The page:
# Press will buzz off, or, doubled letters at the ends of words

John D Cook wrote, following the latest episode of Kevin Stroud’s History of English podcast, that if a consonant at the end of a word is doubled, it’s probably S, L, F, or Z. It appears that some elementary school teachers teach a “doubled final consonant rule” that is roughly the converse of this: “If a short vowel word or syllable ends with the /f/, /l/, /s/, or /z/ sound, it usually gets a double f, l, s, or z at the end.”

That sounds right to me. Some other consonants seem doubleable but relatively rarely – G, N, and R came to mind, although the only words I could think of that actually end in those doubled are “egg”, “inn”, and “err” respectively. Those are probably instances of the three-letter rule, whereby “content words” tend to have at least three letters. (Walmart has a store-brand of electronics onn. (sic), as well.)

Cook writes: “These stats simply count words; I suspect the results would be different if the words were weighted by frequency.” Challenge accepted. Peter Norvig has some useful data, including “The 1/3 million most frequent words, all lowercase, with counts.”

```counts = read_delim('https://norvig.com/ngrams/count_1w.txt', delim = '\t', col_names = c('word', 'count'))

counts %>% mutate(ult = str_sub(word, -1),
penult = str_sub(word, -2, -2)) %>%
filter(!(ult %in% c('a', 'e', 'i', 'o', 'u'))) %>%
mutate(double = (ult == penult)) %>%
group_by(ult) %>%
summarize(double = sum(double*count), all = sum(count)) %>%
mutate(pct_double = double/all * 100)
```

Result is as follows; the counts in columns “double” and “all” are numbers of words out of the “trillion-word” data set. So over one out of every four words ending in L, in ends in double-L; only 0.02% of words ending in Y end in double-Y. Norvig’s word counts come from the 2006 trillion-word data set from Alex Franz and Thorsten Brants at the Google Machine Translation Team coming from public web pages.

``````# A tibble: 21 × 4
ult       double         all pct_double
<chr>      <dbl>       <dbl>      <dbl>
1 l     6881678966 24910774907    27.6
2 z       49070005   684008846     7.17
3 s     3928825545 84468484631     4.65
4 f      734823669 16788706705     4.38
5 x       85268118  3108416171     2.74
6 c      128294648  6294874635     2.04
7 j        7948601   390085263     2.04
8 b       49690347  2690064550     1.85
9 p       98252923  6905211199     1.42
10 d      460147985 47335849371     0.972
11 m       95423709 11371100313     0.839
12 w       52402066  6908722748     0.758
13 q        2645593   456516943     0.580
14 t      295347877 52262740152     0.565
15 n      238685552 49492910349     0.482
16 v        3478513  1084201734     0.321
17 g       51208927 19948325553     0.257
18 r       58629294 38947533393     0.151
19 k        8943711  8602400357     0.104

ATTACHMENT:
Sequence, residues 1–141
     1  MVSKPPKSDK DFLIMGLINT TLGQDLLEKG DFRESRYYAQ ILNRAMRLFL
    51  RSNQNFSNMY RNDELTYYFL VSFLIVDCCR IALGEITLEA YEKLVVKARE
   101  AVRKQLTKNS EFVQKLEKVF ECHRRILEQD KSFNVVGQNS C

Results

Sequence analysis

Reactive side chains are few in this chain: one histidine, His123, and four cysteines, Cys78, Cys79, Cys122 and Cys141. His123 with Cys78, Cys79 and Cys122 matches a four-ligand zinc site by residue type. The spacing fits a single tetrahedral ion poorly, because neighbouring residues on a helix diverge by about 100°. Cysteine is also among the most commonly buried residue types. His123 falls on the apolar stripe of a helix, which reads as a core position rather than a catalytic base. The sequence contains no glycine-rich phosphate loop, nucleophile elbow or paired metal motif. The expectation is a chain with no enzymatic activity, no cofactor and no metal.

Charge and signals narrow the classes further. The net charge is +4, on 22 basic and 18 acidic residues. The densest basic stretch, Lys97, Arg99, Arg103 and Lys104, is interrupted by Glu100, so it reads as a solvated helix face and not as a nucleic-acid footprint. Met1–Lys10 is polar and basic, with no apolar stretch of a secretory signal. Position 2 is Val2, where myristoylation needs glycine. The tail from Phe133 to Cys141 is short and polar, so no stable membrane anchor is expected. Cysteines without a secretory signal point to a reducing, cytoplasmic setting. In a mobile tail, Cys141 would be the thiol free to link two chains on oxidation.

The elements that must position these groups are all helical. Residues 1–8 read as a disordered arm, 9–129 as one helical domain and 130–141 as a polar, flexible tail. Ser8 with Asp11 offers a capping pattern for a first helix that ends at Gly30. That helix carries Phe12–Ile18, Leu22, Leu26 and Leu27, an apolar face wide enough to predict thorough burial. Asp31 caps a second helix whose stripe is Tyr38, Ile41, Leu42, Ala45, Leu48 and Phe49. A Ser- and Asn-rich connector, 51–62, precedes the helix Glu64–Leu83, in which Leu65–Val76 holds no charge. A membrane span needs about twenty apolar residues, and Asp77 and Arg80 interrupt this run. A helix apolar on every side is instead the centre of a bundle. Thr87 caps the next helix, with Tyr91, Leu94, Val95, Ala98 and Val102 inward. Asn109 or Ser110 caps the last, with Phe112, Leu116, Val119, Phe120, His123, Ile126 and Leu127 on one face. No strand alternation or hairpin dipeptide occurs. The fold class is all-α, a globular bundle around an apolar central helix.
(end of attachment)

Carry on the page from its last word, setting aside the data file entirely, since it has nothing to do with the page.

20 h       13449679 14180781466     0.0948
21 y        7451329 35763181677     0.0208``````

The count for “L” is so high because of words like “all” and “will”. It turns out in this corpus my intuition about G, N, and R being plausible is spectacularly wrong. We can also get the five most common words ending in each double letter:

```counts %>% mutate(ult = str_sub(word, -1),
penult = str_sub(word, -2, -2)) %>%
filter(!(ult %in% c('a', 'e', 'i', 'o', 'u'))) %>%
mutate(double = (ult == penult))  %>% filter(double) %>% group_by(ult) %>% mutate(rk = rank(-count)) %>% filter(rk <= 5) %>% summarize(paste(word, collapse = ', '))  %>% print(n = 21)
```

giving the following table:

``````# A tibble: 21 × 2
ult   top5
<chr> <chr>
1 b     bb, phpbb, webb, bbb, cobb
2 c     cc, acc, gcc, fcc, icc
3 d     add, dd, odd, todd, hdd
4 f     off, staff, stuff, diff, jeff
5 g     egg, gg, digg, ogg, dogg
6 h     hh, ahh, ahhh, ohh, hhh
7 j     jj, hajj, jjj, bjj, jjjj
8 k     kk, dkk, skk, fkk, kkk
9 l     all, will, well, full, small
10 m     mm, comm, hmm, hmmm, dimm
11 n     inn, ann, lynn, nn, penn
12 p     pp, app, ppp, supp, spp
13 q     qq, qqqq, qqq, sqq, haqq
14 r     rr, err, carr, starr, corr
16 t     scott, matt, butt, tt, hewlett
17 v     vv, vvv, rvv, vvvv, cvv
18 w     www, ww, aww, libwww, awww
19 x     xxx, xx, xnxx, xxxx, vioxx
20 y     yy, yyyy, nyy, yyy, abbyy
21 z     jazz, buzz, zz, jizz, azz  ``````

and S, L, F, and Z do emerge as the only letters where the resulting words aren’t just junk. The rules seems to loosen for names (Matt, Scott, Hewlett; Ann, Lynn, Penn; Cobb). The data set betrays its internet origins here, with phpbb and libwww being relatively common.

I’ve found the pattern at the end of the code block above,

`group_by(ult) %>% mutate(rk = rank(-count)) %>% filter(rk <= 5) %>% summarize(paste(word, collapse = ', '))`

useful in practice for giving a quick summary of a table where there are many possible values of a second variable for each value of a first variable, and we just want to show which are most common.